Paddy Old Irish Whiskey

A cheap Irish blend to celebrate the fact that St Patrick’s day is just 193 days away!
This triple distilled Irish Whiskey is produced at the Middleton distillery in Cork, where they also produce Jameson, Red Breast, Tullamore Dew, Green Spot and Powers.
Blended, unusually, using all three styles of Irish whiskey: single pot still, single malt and grain. First produced in 1779, it wasn’t until 1913 that it changed it’s name to Paddy after legendary salesman Paddy Flaherty. Before that it had the rather catchy name of “Cork Distilling Company Map of Ireland Old Irish Whiskey”. It is sometimes compared to Jameson and Bushmills but is harder to source outside of Ireland (where it is the 3rd best selling whiskey).

Cost: £20
70cl / 40% abv

Tasting Notes*

Nose: Oily and fresh. There are floral notes and cereal grains. Plenty of fruit. Fresh vanilla and honey, nutty (think of almonds and hazelnuts), oaky and dried grassy notes.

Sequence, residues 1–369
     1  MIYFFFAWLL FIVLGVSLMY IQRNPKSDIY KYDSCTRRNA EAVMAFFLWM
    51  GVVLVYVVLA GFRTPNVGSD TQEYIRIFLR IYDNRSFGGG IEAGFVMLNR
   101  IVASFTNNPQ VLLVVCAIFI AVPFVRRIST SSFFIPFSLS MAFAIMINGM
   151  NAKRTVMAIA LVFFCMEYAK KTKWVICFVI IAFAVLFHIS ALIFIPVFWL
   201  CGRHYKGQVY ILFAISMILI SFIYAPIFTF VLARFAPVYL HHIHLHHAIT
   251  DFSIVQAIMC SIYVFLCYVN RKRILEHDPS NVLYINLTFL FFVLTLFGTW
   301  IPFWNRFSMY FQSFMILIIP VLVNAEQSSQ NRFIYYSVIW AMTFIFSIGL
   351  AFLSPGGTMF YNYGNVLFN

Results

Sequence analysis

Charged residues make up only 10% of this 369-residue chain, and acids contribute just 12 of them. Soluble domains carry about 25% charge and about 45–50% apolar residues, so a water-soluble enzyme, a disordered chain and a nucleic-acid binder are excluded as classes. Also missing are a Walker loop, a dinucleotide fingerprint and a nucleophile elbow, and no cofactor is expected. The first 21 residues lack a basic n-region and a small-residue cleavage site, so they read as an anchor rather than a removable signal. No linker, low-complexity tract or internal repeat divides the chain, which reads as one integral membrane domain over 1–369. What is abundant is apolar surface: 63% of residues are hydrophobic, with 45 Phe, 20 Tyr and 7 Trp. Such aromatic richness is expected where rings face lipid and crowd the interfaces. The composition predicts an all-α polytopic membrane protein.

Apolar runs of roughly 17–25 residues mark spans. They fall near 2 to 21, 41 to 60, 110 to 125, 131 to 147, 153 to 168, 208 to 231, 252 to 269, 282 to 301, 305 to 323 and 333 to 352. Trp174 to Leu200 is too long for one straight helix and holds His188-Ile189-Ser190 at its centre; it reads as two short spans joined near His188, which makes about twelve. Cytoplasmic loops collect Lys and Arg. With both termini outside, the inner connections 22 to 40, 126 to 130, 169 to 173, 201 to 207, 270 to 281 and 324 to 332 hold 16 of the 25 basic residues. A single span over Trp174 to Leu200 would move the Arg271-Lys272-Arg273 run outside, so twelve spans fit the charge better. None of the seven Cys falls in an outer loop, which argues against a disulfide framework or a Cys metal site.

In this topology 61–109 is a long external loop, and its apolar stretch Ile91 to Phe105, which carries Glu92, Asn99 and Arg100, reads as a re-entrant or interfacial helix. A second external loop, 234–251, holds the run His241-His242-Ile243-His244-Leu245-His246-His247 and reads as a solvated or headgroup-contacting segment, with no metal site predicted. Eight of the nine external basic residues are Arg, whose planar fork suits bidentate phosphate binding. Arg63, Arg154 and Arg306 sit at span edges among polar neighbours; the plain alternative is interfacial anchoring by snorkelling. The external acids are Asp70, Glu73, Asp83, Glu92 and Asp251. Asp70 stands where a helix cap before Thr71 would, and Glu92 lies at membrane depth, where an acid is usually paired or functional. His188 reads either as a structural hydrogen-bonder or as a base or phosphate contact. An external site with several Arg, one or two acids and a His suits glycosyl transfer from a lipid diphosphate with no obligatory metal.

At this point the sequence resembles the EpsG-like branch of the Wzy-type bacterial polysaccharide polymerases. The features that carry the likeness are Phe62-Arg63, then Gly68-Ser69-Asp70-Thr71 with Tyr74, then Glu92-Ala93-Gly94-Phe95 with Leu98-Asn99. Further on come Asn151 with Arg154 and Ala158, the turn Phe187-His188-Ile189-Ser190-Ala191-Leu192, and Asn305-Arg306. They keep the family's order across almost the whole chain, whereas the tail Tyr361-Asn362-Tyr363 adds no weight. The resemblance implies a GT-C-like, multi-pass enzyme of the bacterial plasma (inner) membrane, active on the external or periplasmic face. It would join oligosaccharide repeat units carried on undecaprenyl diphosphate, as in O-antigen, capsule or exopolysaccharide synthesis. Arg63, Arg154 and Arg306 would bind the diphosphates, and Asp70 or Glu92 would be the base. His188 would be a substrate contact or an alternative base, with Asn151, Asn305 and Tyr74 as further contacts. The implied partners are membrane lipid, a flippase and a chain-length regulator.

Palate: Sweet and of medium-body with toffee and cereals, a rosewater note with a little butterscotch and vanilla.  Mild, soft and light with the mellow malted barley and vanilla again particularly prominent. Honey and coconut, more grassiness, toasted almonds and warm woody spice.

Finish: Spicy and dry with a little black pepper and oak. The finish is soft, sweet and very malty and grainy. The finish lingers for a good length of time considering the general lightness of the whiskey.

*Tasting notes from Whisky For Everyone, Whiskey Reviewer and Master of Malt.


For what is essentially a cheap whiskey, it was surprising that this came in a metal tin, with a sliding front, which my girlfriend is now using it to keep her sewing things in.


Surprisingly pleasant to drink. Not at all bad. For us it is a respectable 3rd behind Jameson and Bushmills, but it rightly has plenty of friends and admirers.


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